Reading The Laws of Simplicity (2007-01-20/21)

In The Laws of Simplicity, John Maeda writes, "I originally conceived this book as a sort of Simplicity 101, to give readers an understanding of the foundation of simplicity as it relates to design, technology, business, and life." The laws of simplicity are in three clusters of three laws each. "Of the three clusters, basic simplicity (1 to 3) is immediately applicable to thinking about the design of a product or the layout of your living room." These are my initial thoughts on reading The Laws of Simplicity:
  1. Reduce
  2. "The simplest way to achieve simplicity is through thoughtful reduction." The author's approach to thoughtful reduction is "shrink, hide, embody."
    • Design
    • In the agile development of a recent internal alpha release, for an iteration of "Work trays can be shown or hidden at the user's discretion," the software design engineer put the following menu items on the View menu:
      Insert WorkTrayLeft


      Delete WorkTrayLeft


      In the "Expected Results" I wrote, "The 'View' menu would contain a 'Worktray' submenu, containing 'Left', 'Right', and 'Bottom', each with or without a check mark indicating whether the associated worktray is visible." The actual window implementation may have to be "insert with previous state and delete". We can hide this complexity from the user, whose mental model is "show and hide."
    • Business
    • Last year I noticed that, due to low net income, the amount in my company's accounts receivable was declining without an increase in checking and savings, but rather with an increase in the amount on lines of credit. My business partner and I disagreed on whether to focus our efforts on directing net income into debt repayment (rather than distribution) or on increasing revenue. We agreed, however, that our debt was too large, so we could agree on a simple goal: achieve a current ratio of 2.0 by 2007-02-01 (and an ongoing current ratio of 1.5). This goal hid accounting complexity and embodied the relationship between current assets and liabilities.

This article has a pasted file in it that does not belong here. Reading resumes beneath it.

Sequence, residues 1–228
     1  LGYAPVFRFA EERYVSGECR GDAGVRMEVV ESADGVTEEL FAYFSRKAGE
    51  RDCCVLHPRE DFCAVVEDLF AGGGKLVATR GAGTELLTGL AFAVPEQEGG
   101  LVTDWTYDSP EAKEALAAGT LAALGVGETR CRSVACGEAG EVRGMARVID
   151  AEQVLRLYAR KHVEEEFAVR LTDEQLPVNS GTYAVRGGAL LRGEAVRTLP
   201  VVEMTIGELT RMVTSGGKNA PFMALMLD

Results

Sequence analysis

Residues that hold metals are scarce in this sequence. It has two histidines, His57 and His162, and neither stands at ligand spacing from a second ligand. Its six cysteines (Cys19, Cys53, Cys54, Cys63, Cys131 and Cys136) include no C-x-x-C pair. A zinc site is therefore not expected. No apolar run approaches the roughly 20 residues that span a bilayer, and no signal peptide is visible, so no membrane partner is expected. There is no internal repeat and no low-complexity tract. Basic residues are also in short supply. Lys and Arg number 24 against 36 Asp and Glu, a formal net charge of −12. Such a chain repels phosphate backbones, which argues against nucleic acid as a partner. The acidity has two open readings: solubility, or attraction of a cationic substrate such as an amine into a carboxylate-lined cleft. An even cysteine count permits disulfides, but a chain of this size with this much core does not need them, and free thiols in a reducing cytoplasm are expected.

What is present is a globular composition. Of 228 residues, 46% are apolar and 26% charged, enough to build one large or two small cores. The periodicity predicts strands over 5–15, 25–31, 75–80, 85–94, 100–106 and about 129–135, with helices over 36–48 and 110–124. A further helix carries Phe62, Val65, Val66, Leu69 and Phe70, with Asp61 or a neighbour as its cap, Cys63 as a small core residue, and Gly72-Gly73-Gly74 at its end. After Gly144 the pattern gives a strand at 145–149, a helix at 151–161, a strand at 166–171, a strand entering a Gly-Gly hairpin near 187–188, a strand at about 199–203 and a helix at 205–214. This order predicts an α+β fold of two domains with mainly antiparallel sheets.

3. Organize
  4. "Organization makes a system of many appear fewer."
    • Life
    • Since reading Stephen R. Covey's First Things First, I have organized my priorities and tasks around the roles I have. Currently I have goals for these roles:
      • boyfriend,
      • business owner,
      • citizen,
      • friend, and
      • self.

  5. Time
  6. "Savings in time feel like simplicity."
    • Life
    • John Maeda writes this about time:
      Saving time is thus the tradeoff between the quantitatively fast and the qualitatively fast:
      How can you make the wait shorter?<--->How can you make the wait more tolerable?
      One of my goals for 2007 as a "Citizen" is to drive less than 1200 miles per month. Another goal for my (mental) "Self" is to blog 50 books. I'm looking forward to reading on the bus to further both goals. While not making transit time any shorter, it may make it more tolerable.


Jim Benson said...


I drive less than 1200 miles per month, even with Ocean Shores.

Although I'm sure the LA trip this month is going to kill that average.

Do you give yourself bonus miles for having a passenger?

William said...

In January I drove 519 miles. Perhaps I set my target too high. :)